Jeremy Schulman, Global Solutions Architect at Juniper Networks, is responsible for developing the Puppet for Junos OS netdev module. This post originally appeared on his blog on the Juniper Networks website on April 2, 2013. It has been reprinted with permission.
The role of Junos technology is to address the problems of today’s networks in a way that is aligned with broader challenges facing IT infrastructure automation as a whole. We all know that managing networks is complex, hard, costly, and requires highly trained engineers. This post is going to talk about managing networks in a whole new way. The concepts in it will change your life. They changed mine.
There is no doubt that something big is happening. Our industry is going through a paradigm shift. Everyone is excited about the idea of “programming” the network. People want to build network solutions independent of hardware vendors; to use open APIs, open software, to collaborate, and to innovate. But most importantly, they need to deliver a network focused on the needs of the consumer of the network. A similar paradigm shift happened a while ago for the IT system administrators (sysadmins) and DevOps – you know, the guys in the data center deploying all those servers or virtual machines driving the need for more networking. As we look forward to how the networking industry may evolve let’s take a quick look back at the history of the sysadmins.
At one point, sysadmins were manually deploying servers, configuring services, and managing the installation of applications – applications that ultimately drive their business. These sysadmins may have had some simple Bash- or Perl- based scripting tools they created themselves, but it was largely ad-hoc. Fast forward to today: sysadmins now use sophisticated configuration management products like Puppet or Chef to fully automate large-scale data center deployments. They write programs to “glue” together these tools with APIs from other vendors like VMware, Amazon, Google, or from other software they download from the open source community. These sysadmins, who were not formally trained software engineers, picked up new programming skills and began focusing on automation as a key business driver, and as a personal asset. They use open APIs and open software. They collaborate. They innovate. They are driving the success of their business. They can (and will) become key influencers in deciding which vendor is deployed in the network.
This post, written by LogicMonitor’s Director of Tech Ops, Jesse Aukeman, originally appeared on HighScalability.com on February 19, 2013. It has been reprinted with permission on our blog. If you are like us, you are running some type of linux configuration management tool. The value of centralized configuration and deployment is well known and hard […]
The International Securities Exchange (ISE), a leading US options exchange, has just completed the first phase of its Puppet Enterprise deployment. For a company exceeding trading volumes of 2.5 million contracts per DAY, the decision to ‘puppetize’ their infrastructure not at random — it was carefully determined and deliberate. Trevor Pott, reporter from The Register, […]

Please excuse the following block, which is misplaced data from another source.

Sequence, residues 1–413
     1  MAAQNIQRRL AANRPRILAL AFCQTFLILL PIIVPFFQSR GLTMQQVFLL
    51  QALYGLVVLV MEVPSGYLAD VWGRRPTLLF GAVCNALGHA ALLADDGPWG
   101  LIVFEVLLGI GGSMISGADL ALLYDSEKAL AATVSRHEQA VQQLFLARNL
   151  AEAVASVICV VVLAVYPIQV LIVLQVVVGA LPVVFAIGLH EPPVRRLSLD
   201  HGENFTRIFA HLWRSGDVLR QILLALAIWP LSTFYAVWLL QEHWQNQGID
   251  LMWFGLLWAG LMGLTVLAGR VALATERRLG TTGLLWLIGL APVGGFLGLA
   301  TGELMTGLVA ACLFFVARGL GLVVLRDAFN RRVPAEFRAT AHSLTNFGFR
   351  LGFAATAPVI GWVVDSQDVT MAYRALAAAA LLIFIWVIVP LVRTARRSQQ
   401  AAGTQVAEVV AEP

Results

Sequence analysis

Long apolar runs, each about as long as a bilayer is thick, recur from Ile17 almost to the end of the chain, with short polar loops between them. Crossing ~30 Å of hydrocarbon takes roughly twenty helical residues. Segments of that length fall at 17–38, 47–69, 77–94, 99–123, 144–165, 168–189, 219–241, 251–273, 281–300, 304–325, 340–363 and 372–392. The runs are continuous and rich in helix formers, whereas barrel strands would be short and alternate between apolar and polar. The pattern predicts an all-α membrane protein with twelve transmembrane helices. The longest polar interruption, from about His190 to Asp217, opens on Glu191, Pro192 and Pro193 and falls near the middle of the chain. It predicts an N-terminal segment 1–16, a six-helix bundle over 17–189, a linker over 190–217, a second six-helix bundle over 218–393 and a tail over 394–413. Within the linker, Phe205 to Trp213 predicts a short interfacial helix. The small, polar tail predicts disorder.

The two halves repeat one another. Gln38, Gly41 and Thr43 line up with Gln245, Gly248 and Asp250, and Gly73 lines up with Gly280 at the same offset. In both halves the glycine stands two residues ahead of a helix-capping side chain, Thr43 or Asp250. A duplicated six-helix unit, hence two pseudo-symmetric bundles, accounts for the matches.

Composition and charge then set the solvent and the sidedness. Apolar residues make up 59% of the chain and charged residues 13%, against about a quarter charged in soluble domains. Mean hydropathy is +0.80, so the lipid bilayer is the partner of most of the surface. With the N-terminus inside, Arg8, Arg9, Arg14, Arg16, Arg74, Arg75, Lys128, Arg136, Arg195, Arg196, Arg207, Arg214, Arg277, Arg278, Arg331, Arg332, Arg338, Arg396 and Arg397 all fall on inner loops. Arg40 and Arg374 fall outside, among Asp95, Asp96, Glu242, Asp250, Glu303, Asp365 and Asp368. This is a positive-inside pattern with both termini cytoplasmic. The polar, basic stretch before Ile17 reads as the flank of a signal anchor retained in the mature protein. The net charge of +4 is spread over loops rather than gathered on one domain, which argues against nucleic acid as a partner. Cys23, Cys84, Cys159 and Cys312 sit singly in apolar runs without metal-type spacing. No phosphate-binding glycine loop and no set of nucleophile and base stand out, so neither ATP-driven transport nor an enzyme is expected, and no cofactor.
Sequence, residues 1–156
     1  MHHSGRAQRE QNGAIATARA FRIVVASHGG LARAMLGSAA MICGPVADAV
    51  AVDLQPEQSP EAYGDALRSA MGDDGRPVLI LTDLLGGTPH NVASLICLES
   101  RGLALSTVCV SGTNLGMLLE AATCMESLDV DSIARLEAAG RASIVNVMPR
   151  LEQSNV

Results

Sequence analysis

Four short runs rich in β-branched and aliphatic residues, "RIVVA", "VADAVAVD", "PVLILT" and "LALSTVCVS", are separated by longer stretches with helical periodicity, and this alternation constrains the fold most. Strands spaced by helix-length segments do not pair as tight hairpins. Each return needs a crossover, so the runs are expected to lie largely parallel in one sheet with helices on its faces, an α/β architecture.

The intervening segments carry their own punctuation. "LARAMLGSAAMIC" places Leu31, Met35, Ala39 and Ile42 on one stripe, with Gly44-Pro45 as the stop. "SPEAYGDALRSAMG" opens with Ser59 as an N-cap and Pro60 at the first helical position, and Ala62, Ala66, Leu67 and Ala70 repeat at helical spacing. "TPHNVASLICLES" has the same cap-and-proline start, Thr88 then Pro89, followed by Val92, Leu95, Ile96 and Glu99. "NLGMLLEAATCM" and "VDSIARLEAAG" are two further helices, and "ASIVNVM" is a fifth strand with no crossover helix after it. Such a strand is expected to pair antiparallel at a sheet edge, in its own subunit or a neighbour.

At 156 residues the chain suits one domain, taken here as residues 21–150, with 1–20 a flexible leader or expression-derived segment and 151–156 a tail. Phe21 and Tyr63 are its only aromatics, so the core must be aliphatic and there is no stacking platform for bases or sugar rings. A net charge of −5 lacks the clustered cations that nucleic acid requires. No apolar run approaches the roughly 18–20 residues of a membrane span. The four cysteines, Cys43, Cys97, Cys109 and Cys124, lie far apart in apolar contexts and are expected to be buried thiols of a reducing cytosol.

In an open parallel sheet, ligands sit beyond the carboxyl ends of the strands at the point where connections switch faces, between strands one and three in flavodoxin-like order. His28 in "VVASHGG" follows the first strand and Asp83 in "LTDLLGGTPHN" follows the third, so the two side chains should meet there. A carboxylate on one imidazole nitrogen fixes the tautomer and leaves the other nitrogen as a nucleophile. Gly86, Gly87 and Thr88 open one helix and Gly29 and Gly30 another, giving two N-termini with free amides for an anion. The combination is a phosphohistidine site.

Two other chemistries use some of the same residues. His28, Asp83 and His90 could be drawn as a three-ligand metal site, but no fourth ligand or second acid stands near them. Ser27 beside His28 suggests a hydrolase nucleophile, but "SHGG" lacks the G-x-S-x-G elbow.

This week’s Module of the Week is a guest post from Carlos Sanchez from MaestroDev.
|Purpose||Manage Apache Maven installation and download artifacts from Maven repositories|
The maven module allows Puppet users to install and configure Apache Maven, the build and project management tool, as well as easily use dependencies from Maven repositories.
If you use Maven repositories to store the artifacts resulting from your development process, whether you use Maven, Ivy, Gradle or any other tool capable of pushing builds to Maven repositories, this module defines a new maven type that will let you deploy those artifacts into any Puppet managed server. For instance, you can deploy WAR files directly from your Maven repository by just using their groupId, artifactId and version, bridging development and provisioning without any extra steps or packaging like RPMs or debs.
The maven type allows you to easily provision servers during development by using SNAPSHOT versions—using the latest build for provisioning. Together with a CI tool, this enables you to always keep your development servers up to date.
I was O’Reilly’s Velocity conference back in June, giving a talk on hacking Puppet, and Puppet’s configuration language came up a lot. Most people love the language and find it the simplest way of expressing their configurations, but some are frustrated by how simple it is and wish they had a full Turing-complete language like Ruby for specification. I thought it would be worthwhile to discuss why Puppet has a custom language, and dive into some of the benefits and costs.
The following is a guest post by Reid Vandewiele, a system administrator at the Portland State University Computer Action Team (PDX CAT). Reid, William Van Hevelingen, Spencer Krum and other CATs are big contributors to various modules on the Puppet Forge and also host a few of their own. They are active members of the Puppet community and can usually be found on IRC under the monikers marut, blkperl and nibalizer, respectively. Thanks guys for the awesome guest post!
|Purpose||Provides amanda server and client configuration|
|Platforms||Debian, Solaris, FreeBSD, SuSE|
The Advanced Maryland Automatic Network Disk Archiver, or Amanda for short, is a network backup solution in the same class as Bacula. Proponents tout its smart automatic planner, use of native tools to perform data dumps, ability to recover data from tape in the absence of the tool itself, and the available commercial support through Zmanda. A venerable bastion of free and open source software, Amanda has been around since 1991 and is still actively maintained with the most recent stable version having been released on February 12, 2012.
Let’s Puppetize that!